Monday, August 27, 2007

“Questions Clarify Our Thinking”: A Great Little “Find”

“The process of deciding what is relevant, what is of interest,
what is legitimate, what is authentic ,and what requires further
investigation demands the ability to ask questions. “ -Sally Godinho

We have known for a long time that asking the right question can spark deep thinking on a subject or idea. Designing powerful questions is a skill that does not come easily to many educators. I have discovered a little “Gem” of a publication, completely available on line, that may help teachers to design and ask better questions of their students, and educational leader or lead teachers to ask better reflective questions of themselves and their colleagues.

“Out of the Question”, written by Sally Godinho and Jeni Wilson, offers many starting points for guiding students to critically evaluate what they read, see, hear, and do. It includes 19 practical activities and strategies plus an assessment rubric. And you can browse the entire flipchart online:

The classroom culture needs to encourage students to be both question-askers
and question-answerers. Students were asked to write statements about their beliefs and values about what a question-friendly classroom is and is not… here are their remards:

A question-friendly classroom is a place where

  • different responses to a question are encouraged

  • students build on each other’s responses

  • students are prepared to challenge or contest a response

  • students generate questions for discussions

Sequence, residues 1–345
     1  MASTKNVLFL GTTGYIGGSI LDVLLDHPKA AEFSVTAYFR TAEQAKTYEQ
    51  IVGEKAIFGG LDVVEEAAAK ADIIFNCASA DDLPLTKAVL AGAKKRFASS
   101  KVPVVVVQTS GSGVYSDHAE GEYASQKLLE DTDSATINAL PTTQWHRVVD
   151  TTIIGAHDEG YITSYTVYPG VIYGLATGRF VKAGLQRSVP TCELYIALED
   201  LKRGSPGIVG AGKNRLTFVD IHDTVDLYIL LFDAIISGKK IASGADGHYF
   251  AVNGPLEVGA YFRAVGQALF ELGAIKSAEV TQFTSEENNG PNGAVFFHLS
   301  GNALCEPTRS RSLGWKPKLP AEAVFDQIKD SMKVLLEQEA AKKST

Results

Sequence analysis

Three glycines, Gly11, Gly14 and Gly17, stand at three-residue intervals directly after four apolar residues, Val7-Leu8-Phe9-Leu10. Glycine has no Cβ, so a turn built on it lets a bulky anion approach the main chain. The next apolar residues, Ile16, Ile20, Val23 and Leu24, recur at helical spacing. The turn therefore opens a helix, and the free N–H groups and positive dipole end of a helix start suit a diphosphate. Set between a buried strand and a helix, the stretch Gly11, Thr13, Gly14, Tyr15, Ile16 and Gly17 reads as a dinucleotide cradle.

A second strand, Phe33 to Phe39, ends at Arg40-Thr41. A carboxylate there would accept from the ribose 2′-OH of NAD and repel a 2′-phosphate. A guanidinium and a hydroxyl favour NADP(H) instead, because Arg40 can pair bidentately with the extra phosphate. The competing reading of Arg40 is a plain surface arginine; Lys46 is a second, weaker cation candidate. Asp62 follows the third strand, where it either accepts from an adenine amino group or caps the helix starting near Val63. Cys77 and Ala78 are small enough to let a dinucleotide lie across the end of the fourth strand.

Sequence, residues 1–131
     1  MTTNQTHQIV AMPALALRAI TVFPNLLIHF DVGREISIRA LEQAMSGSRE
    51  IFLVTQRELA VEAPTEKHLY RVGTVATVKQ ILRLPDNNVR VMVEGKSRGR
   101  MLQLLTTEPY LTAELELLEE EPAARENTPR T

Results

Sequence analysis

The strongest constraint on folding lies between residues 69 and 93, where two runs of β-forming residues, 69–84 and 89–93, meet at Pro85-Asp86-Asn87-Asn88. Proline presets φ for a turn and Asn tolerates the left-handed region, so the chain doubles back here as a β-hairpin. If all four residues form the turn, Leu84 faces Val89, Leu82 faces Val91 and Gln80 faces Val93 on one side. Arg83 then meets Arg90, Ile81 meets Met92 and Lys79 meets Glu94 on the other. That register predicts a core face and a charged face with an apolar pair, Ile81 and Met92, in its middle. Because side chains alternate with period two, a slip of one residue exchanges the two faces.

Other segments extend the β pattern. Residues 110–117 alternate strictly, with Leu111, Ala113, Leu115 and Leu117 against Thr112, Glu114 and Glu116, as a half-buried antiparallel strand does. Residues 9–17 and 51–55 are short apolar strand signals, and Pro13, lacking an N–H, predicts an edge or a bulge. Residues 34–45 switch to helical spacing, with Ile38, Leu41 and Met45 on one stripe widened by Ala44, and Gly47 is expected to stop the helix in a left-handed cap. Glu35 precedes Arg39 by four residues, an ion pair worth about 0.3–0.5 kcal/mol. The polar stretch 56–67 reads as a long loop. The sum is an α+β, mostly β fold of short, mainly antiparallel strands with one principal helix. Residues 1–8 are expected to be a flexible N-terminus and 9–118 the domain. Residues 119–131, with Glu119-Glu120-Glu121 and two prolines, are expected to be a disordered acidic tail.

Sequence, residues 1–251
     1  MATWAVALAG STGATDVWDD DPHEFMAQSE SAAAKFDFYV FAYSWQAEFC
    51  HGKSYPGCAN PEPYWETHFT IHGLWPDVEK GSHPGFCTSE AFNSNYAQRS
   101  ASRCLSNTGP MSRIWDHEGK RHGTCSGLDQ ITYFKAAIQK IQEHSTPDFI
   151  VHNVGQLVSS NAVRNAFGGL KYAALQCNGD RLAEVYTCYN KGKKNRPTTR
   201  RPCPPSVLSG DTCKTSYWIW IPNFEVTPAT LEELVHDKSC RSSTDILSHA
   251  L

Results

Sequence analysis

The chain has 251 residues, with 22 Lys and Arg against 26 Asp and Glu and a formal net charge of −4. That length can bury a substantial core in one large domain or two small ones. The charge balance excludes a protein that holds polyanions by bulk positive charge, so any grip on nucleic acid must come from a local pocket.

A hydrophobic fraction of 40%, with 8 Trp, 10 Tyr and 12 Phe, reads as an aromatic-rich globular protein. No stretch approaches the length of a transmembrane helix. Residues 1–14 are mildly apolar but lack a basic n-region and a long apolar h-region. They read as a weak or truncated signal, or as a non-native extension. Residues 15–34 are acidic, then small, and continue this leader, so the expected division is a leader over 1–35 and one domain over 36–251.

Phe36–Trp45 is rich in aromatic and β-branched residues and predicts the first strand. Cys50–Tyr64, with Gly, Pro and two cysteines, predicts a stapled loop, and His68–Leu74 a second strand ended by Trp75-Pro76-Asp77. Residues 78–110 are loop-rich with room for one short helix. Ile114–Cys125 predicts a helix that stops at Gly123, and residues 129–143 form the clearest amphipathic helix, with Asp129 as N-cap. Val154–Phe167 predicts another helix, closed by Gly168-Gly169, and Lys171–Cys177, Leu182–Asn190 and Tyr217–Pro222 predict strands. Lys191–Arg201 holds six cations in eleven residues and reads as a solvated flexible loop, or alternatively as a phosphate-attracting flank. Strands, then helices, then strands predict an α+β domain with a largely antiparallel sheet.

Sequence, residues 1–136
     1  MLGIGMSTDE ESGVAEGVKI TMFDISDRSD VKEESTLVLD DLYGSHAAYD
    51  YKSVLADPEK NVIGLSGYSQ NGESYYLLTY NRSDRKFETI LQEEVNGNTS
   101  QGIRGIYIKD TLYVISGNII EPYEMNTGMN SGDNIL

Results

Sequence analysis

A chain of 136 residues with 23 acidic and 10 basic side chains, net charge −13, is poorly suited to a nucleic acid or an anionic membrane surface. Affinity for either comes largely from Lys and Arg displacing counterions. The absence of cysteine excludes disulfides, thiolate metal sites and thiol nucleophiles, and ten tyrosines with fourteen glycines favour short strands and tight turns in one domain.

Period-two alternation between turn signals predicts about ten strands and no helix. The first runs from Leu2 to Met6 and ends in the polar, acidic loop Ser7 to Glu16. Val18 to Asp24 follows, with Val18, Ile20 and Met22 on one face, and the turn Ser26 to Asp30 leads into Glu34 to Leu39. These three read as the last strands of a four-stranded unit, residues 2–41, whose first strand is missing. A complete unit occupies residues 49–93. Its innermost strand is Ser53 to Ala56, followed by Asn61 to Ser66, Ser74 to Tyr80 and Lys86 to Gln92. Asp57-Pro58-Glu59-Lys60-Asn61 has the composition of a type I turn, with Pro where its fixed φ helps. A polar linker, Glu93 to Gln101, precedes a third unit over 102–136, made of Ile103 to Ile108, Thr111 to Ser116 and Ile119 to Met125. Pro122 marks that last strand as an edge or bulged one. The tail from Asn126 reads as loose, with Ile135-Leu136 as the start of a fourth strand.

A question-friendly classroom is not a place where

  • student responses to questions are put down

  • teachers are seen as the question-askers and students as the question-answerers

  • students recite a response to a question rather than discuss it

Ask Yourself:

How are my skills at writing thoughtful questions which engage thinking?
How can I make your classroom more "question-friendly"?
What can I do this year to deepen student understanding?

Monday, August 06, 2007

“Do You Know the Graduation-rate Goals Set by Your State? Should We Know?”

Under No Child Left Behind’s accountability provision, high schools must meet graduation-rate goals set by their states. But the law allows states to set their own goals, and the range of these goals varies widely according to a study released by the Education Trust in Washington.

“Because the law allowed states wide latitude, the goals for graduation rates vary widely. Nevada, for example, says its goal is to graduate 50 percent of its students; Iowa sets a target of 95 percent”, said Jennifer Medina of the New York Times, in her article, “A Study Finds Some States Lagging on Graduation Rates” published August 2, 2007.

This is the New York Times map “Setting the Bar” which illustrates the differences in state goals for graduation-rates. How does your state stack up?

Daria Hall, the author of the report, that criticizes states for not doing enough, said “We need targets that provoke action on behalf of the students, not ones that condone the status quo.” while representative George Miller, chairman of the House Education Committee and an architect of the original No Child Left Behind legislation, said “reauthorization of that law should include changes so that graduation rates were used as a key measure of performance”.

Ask Yourself:
Could just the awareness of the graduation-rate goals for your state, whether high or low, create a reflective dialogue that educators should have?
Do you believe raising the goal would improve graduation rates?
Have you and your colleagues had this discussion?
Were you just as surprised as I was?